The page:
MassDEP has developed new macroinvertebrate Indices of Biotic Integrity (IBIs) that will address the needs of MassDEP to assess multiple types of perennial, wadeable streams using biological indicators. IBIs were calibrated using a reference condition approach to identify characteristics of relatively undisturbed biological communities. Use of these IBIs will improve MassDEP’s diagnostic ability to identify degradation in biological integrity and water quality. Two IBIs were developed for high-gradient (riffle-dominated) streams in Massachusetts: one for the Western Highlands and another for the Central Hills. These two regions represent the natural variability of stream conditions found throughout the state. In addition, a single IBI was developed for low-gradient streams and is applicable state-wide. These IBIs will be included in the 2022 Consolidated Assessment and Listing Methodology (CALM) and will be used to determine the aquatic life use support status of wadeable streams for reporting under sections 305(b) and 303(d) of the Clean Water Act.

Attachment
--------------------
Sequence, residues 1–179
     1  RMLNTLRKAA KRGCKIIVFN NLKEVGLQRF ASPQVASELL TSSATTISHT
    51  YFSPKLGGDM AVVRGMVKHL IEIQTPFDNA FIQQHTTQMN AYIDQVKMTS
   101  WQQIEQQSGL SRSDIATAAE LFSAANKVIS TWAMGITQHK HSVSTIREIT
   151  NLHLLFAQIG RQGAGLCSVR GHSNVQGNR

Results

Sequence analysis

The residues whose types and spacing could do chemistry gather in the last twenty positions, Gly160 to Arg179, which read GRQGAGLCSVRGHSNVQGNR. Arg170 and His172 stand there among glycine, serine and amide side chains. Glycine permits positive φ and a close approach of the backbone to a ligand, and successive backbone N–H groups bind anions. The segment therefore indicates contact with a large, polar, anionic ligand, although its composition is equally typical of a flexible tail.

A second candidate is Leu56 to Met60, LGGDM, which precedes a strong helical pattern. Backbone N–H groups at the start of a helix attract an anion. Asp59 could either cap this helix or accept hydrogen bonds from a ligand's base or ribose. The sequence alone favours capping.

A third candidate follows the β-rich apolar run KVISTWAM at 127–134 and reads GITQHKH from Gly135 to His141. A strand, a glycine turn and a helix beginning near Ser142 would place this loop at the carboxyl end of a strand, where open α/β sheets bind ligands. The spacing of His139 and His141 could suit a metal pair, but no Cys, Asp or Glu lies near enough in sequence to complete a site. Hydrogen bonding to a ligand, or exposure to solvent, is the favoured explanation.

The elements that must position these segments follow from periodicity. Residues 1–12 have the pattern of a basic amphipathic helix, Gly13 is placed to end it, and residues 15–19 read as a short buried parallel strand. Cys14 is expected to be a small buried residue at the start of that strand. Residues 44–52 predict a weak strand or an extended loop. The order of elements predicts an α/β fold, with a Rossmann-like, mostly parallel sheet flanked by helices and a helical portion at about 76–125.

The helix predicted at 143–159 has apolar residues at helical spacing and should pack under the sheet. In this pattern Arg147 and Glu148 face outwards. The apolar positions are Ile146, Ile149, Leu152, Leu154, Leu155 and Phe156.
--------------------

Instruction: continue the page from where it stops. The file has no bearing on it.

See below for four individual reports that include more detail pertaining to the development and calibration of the IBIs for low- and high-gradient streams. For additional information that supported the IBI development process, please contact James Meek at 508-767-2863.
Additional Resources for
Water Quality Assessment Reports by Watershed (WPP survey years 1997 through 2004)
Water Quality at DCR State Beaches
- Final Beach Water Quality Report
The complete report issued to the Senate and the House of Representatives on the water quality at beaches under the care and control of the Department of Conservation and Recreation, 2008-2012. This special report was submitted in fulfillment of House Bill No. 4384.
- Final Beach Water Quality Report
Main body of the report on the water quality at beaches under the care and control of the Department of Conservation and Recreation, 2008-2012.
- Appendices to Beach Report
Appendices to the Beaches Water Quality Report, 2008-2012.